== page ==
A Century of Dishonor

New York: Harper & Bros., pages iii–iv, i-ii. In addition to the contents listed below, there is an Author's Note and the Cover.

CONTENTS.




PAGE
Preface, by Bishop Whipple   v
Introduction, by President Julius H. Seelye   1
Introductory   9
The Delawares  32
The Cheyennes  66
The Nez Percés 103
The Sioux 136
The Poncas 186
The Winnebagoes 218
The Cherokees 257
Massacres of Indians by Whites 298
I. The Conestoga Massacre 298
II. The Gnadenhütten Massacre 317
III. Massacres of Apaches 324
Conclusion 336

APPENDIX.

I. The Sand Creek Massacre 343
II. The Ponca Case 359
III. Testimonies to Indian Character 374
IV. Outrages Committed on Indians by Whites 381
V. Extracts from the Report of the Commission sent to treat with the Sioux Chief Sitting Bull, in Canada 386
VI. Account of some of the old Grievances of the Sioux 389
VII. Letter from Sarah Winemucca, an Educated Pah-Ute Woman 395
VIII. Laws of the Delaware Nation of Indians 396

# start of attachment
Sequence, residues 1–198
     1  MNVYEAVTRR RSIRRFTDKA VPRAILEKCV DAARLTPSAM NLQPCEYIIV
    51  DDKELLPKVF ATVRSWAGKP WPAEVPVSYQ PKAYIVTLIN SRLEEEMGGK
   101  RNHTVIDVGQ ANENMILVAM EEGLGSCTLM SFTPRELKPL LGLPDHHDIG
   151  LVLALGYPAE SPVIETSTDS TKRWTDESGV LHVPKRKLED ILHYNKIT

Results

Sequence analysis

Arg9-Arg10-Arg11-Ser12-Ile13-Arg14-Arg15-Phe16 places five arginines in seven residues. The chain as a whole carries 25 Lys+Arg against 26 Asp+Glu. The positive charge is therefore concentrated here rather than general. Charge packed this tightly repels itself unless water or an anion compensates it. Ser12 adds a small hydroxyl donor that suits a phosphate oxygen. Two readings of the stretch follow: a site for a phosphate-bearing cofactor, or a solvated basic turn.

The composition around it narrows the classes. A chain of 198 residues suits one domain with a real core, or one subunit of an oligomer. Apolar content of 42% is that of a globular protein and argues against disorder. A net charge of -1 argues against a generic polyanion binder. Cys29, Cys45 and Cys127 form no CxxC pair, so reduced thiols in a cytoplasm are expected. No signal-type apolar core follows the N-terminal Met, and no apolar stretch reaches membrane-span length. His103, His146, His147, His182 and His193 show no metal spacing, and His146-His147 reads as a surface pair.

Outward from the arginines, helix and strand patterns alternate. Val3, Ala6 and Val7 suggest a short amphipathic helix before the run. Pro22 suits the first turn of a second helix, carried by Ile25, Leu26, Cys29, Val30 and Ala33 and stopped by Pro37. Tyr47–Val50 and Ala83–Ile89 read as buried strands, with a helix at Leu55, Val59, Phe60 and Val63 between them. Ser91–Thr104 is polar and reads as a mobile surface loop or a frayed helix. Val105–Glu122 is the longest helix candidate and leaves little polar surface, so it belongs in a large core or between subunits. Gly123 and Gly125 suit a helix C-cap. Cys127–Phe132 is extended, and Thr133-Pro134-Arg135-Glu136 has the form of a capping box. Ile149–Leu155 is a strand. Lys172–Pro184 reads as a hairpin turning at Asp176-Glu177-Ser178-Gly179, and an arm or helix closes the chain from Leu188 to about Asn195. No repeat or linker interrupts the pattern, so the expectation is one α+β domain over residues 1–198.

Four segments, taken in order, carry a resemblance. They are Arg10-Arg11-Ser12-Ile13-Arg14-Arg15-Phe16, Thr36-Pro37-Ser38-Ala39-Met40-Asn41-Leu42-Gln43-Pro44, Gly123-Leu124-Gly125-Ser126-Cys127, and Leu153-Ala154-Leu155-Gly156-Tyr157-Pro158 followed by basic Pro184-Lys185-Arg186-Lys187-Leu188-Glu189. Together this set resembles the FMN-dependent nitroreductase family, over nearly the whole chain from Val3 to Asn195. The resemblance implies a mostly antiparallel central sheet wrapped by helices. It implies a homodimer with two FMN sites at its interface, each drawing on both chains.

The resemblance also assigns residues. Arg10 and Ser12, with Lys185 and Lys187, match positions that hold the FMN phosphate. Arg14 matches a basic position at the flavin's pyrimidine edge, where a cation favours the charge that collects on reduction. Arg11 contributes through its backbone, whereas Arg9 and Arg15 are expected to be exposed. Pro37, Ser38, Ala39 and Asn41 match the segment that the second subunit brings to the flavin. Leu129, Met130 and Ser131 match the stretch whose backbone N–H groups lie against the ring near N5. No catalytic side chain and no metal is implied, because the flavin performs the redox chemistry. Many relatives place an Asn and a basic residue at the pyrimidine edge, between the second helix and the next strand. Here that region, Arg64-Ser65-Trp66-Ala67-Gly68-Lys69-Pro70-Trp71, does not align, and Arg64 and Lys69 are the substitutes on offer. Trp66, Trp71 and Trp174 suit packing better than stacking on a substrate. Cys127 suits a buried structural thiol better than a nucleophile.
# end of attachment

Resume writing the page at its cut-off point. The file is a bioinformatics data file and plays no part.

IX. Account of the Cherokee who Invented the Cherokee Alphabet 404
X. Prices paid by White Men for Scalps 405
XI. Extract from Treaty with Cheyennes in 1865 406
XII. Wood-cutting by Indians in Dakota 407
XIII. Sequel to the Walla Walla Massacre 407
XIV. An Account of the Numbers, Location, and Social and Industrial Condition of each Important Tribe and Band of Indians within the United States 411


A CENTURY OF DISHONOR


A SKETCH

OF THE UNITED STATES GOVERNMENT'S DEALINGS

WITH SOME OF THE INDIAN TRIBES



By H. H.

AUTHOR OF “VERSES” “BITS OF TRAVEL” ETC.


Every human being born upon our continent, or who comes here from any quarter of the world, whether savage or civilized, can go to our courts for protection—except those who belong to the tribes who once owned this country. The cannibal from the islands of the Pacific, the worst criminals from Europe, Asia, or Africa, can appeal to the law and courts for their rights of person and property—all, save our native Indians, who, above all, should be protected from wrong

Gov. Horatio Seymour



NEW YORK

HARPER & BROTHERS, FRANKLIN SQUARE

1881

Entered according to Act of Congress, in the year 1881, by

HARPER & BROTHERS,

In the Office of the Librarian of Congress, at Washington.


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